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Musharraf holds the front line for West on terror

PAKISTAN will not declare a state of emergency, the president, Pervez Musharraf, said yesterday, despite the disintegrating security situation in the world's second most populous Muslim country.

Mr Musharraf, a former general who came to power in a military coup in 1999, is widely regarded in the West as its most important ally in the war on terrorism, but he faces growing radicalisation at home. Islamic fundamentalists are challenging his rule, as al-Qaeda and the Taleban see the country as ripe for revolution.

"We are in direct confrontation with the extremist forces - moderates versus extremists," Mr Musharraf said yesterday, after ruling out taking up emergency powers. Elections due by the end of this year are regarded as crucial to Pakistan's future, and Mr Musharraf assured the country's newspaper editors: "The solution lies in the democratic process."

Violence in the country has spiralled since government forces stormed Islamabad's Lal Masjid, or Red Mosque, compound last week, ending a week-long siege. The government said 102 people were killed during the entire operation to crush a militant movement led by rebel clerics.

Adding to the tension, a suicide bomber on Tuesday killed 17 people at a rally for Pakistan's suspended chief justice, Iftikhar Chaudhry, whose legal battle with Mr Musharraf has galvanised opposition to military rule.

Aside from the 17 killed, more than 60 people were injured.

Many victims belonged to former prime minister Benazir Bhutto's Pakistan People's Party.

Speaking afterwards from self-imposed exile in London, Ms Bhutto voiced fears that "hidden hands" were trying to create a pretext for Mr Musharraf to impose an emergency.

In keeping with the assumption of conspiracy that dogs the country's politics, Munir Malik, one of Mr Chaudhry's lawyers, accused Pakistan's intelligence agencies of the attack. "This was an attack on the chief justice," he said.

Some analysts and diplomats expect Ms Bhutto to join a power-sharing government with Mr Musharraf after the elections. She is the only opposition leader to voice strong support for the bloody government crackdown on the radical Red Mosque.

At the same time, pro-Taleban fighters have abandoned a ten-month-old peace pact in North Waziristan, a tribal region regarded as a safe haven for al- Qaeda.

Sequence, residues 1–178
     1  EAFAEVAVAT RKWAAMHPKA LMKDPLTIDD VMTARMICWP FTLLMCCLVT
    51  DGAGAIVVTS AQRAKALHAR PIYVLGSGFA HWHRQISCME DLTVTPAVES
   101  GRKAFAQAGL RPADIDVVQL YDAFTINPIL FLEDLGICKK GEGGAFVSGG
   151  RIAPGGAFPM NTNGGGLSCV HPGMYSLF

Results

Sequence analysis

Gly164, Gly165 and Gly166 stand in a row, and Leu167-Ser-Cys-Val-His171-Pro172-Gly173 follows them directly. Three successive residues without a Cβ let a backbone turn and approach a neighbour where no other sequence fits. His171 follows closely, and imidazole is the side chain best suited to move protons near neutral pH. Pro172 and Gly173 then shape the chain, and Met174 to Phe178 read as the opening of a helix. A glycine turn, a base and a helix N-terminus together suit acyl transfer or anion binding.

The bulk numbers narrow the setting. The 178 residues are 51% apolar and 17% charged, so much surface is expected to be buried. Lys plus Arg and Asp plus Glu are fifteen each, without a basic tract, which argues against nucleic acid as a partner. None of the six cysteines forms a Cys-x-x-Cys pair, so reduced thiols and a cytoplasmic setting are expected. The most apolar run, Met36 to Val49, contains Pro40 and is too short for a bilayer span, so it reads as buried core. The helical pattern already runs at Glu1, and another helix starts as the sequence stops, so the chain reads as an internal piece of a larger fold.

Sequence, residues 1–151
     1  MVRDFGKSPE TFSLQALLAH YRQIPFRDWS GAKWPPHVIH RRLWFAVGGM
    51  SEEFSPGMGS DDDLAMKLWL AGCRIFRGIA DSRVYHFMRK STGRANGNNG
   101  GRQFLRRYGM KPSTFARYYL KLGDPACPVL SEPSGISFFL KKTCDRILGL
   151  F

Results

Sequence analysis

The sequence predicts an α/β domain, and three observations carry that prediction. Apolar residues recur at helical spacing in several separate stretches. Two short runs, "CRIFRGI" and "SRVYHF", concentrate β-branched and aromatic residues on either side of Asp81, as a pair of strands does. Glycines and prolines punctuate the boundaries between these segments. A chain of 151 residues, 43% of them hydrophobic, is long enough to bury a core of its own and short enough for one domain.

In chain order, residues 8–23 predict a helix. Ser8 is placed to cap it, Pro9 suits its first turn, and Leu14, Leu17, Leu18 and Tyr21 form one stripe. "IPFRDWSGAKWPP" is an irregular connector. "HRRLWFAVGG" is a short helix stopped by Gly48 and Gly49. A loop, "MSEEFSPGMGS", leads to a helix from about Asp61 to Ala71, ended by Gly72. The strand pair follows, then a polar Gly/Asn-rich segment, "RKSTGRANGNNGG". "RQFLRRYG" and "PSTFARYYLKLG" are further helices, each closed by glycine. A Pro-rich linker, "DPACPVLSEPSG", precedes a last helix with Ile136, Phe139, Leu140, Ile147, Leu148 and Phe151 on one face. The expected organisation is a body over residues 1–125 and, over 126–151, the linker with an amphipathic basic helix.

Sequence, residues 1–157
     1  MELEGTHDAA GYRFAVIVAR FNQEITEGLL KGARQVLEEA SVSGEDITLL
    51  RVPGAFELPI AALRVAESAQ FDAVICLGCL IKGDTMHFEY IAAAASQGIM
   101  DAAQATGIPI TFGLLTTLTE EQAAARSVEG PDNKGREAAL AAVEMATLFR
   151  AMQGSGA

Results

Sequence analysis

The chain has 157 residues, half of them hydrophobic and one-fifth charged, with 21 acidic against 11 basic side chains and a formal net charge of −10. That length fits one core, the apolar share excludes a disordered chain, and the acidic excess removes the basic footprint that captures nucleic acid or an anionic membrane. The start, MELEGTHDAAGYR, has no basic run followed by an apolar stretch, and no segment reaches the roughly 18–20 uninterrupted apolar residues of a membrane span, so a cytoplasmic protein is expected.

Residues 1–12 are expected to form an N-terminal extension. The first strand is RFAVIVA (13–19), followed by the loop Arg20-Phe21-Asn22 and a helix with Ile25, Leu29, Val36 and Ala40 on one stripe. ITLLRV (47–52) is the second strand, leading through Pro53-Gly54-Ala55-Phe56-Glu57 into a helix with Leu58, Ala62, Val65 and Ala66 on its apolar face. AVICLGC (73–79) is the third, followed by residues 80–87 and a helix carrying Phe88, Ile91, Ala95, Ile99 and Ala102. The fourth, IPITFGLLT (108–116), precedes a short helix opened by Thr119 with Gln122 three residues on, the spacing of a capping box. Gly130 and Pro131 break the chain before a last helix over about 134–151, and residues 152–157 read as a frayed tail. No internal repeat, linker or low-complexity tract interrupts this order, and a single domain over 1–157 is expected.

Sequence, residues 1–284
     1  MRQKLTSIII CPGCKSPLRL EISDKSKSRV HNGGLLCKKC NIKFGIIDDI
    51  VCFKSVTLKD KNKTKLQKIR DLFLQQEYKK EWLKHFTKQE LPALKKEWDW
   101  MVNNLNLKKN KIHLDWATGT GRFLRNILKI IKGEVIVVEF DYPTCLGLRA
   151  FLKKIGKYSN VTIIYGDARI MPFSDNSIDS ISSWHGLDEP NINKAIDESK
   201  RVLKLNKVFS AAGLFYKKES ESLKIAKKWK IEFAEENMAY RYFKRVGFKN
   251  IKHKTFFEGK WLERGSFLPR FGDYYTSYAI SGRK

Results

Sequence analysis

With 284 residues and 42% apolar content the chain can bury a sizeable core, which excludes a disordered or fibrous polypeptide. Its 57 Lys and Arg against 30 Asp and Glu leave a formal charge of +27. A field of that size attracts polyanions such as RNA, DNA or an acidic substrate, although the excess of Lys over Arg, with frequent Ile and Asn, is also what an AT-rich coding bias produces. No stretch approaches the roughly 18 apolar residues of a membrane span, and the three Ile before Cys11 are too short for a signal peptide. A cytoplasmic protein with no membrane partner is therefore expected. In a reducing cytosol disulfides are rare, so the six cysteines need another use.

An unclassified National Intelligence Estimate by the 16-agency intelligence community of the United States yesterday said Osama bin Laden's militant network had gained strength and become entrenched in remote north-western Pakistan, which includes Waziristan.

Militants bombed and strafed an army convoy with gunfire in the region yesterday, killing 17. The bloodshed has clouded government efforts to resurrect a peace pact that militants disavowed over the weekend.

Mr Musharraf insists that the accord offers the best long-term hope of pacifying the region.

Troops pulled back to barracks or to posts on the border in return for pledges from tribal leaders to expel foreign fighters and halt militant attacks in Pakistan and in Afghanistan.

The deal was supposed to open the way for an extensive development programme for which the US pledged $750 million (375 million) over the next five years and which Mr Musharraf said would ultimately dry up support for militancy.

A government-backed mediator who met with tribal elders said this week he was hopeful that the pact could still be salvaged by the government and a tribal jirga, or council. "We want the jirga to mediate and it should see from which sides mistakes have been made," Maulana Nek Zaman, a cleric, said.

Pakistan's foreign ministry rejected the US assessment of al-Qaeda activity as unsubstantiated. "We would firmly act to eliminate any al-Qaeda hideout on the basis of specific intelligence or information," the ministry said."It does not help simply to make assertions about the presence or regeneration of al-Qaeda in bordering areas of Pakistan. What is needed is concrete and actionable information and intelligence sharing."

 
 
 

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